In March this year we saw the passing of new data retention laws. The laws essentially require telecommunication companies to store and retain an individual’s metadata for access and use by security or law enforcement agencies.*
Under the new legislation, the data being retained is the digital information or ‘metadata’ accompanying a communication, such as the date, time and duration of a communication, where the communication was made, and the type of communication made, i.e. email, phone call, SMS, text message, social media post etc.**
Basically, everything but the content of the communication itself.
At the time the laws were introduced, they raised obvious privacy concerns. However, in the wake of the ‘Sydney Siege’, such concerns were outweighed by the apparent need to bolster our counter-terrorism and crime-prevention strategy. The laws were passed with bipartisan support from both major parties.
But exactly how these laws will play out, outside of national security matters, is only just starting to be seen.
This week, journalist Ben Grubb won a legal battle against Telstra over access to his metadata. The Privacy Commissioner found in his favour, ruling that the metadata was ‘personal information’ for the purposes of the Privacy Act.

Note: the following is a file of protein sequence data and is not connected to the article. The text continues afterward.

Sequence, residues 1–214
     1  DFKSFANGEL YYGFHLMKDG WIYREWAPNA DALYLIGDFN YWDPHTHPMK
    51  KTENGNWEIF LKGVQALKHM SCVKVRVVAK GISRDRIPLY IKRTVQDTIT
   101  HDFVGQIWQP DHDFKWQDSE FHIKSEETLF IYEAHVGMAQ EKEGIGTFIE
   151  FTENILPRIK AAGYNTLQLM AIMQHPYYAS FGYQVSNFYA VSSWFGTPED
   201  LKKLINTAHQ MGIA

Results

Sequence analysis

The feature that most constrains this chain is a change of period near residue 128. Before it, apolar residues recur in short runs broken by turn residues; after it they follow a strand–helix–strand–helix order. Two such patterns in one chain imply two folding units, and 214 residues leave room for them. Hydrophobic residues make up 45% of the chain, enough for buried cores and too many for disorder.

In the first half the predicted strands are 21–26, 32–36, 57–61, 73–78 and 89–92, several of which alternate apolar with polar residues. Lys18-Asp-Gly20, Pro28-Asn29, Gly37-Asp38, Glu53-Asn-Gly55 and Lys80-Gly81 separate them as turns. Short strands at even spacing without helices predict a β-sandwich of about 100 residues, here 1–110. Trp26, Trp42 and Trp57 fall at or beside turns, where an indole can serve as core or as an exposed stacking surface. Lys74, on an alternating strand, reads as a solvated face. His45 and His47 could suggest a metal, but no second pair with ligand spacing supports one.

Even though this decision is not directly related to the data retention laws themselves, the Commissioner’s ruling is significant because it formally recognises that our metadata is personal. It is not merely a collection of random and unidentifiable numbers and codes.
On Tuesday night, the president of the Law Institute of Victoria, Katie Miller, spoke at a forum in Melbourne about how the new data retention laws are having real-world implications for legal practice.
Miller explained, ‘The metadata itself can tell very detailed stories, including, you know, what sort of legal issue you have. So if you’re contacting a family law lawyer or a divorce lawyer, it doesn’t… you don’t really need the content to know why you’re contacting them.’
Miller was mostly concerned about situations involving criminal proceedings, where a law enforcement agency with access to a Defendant Lawyer’s telecommunications data under the data retention laws can find out who they have been talking to in terms of potential witnesses. This kind of information gives the Prosecution a heads-up on the other party’s litigation strategy.
Although there are legal ways around metadata laws (like using encrypted communication services, offshore email accounts like Gmail and virtual private networks (VPNs))*** Miller’s concerns are a signal that lawyers, and others, should be aware of the metadata trace they are leaving.
**see section 187AA of the Act
– An example of the story your metadata can tell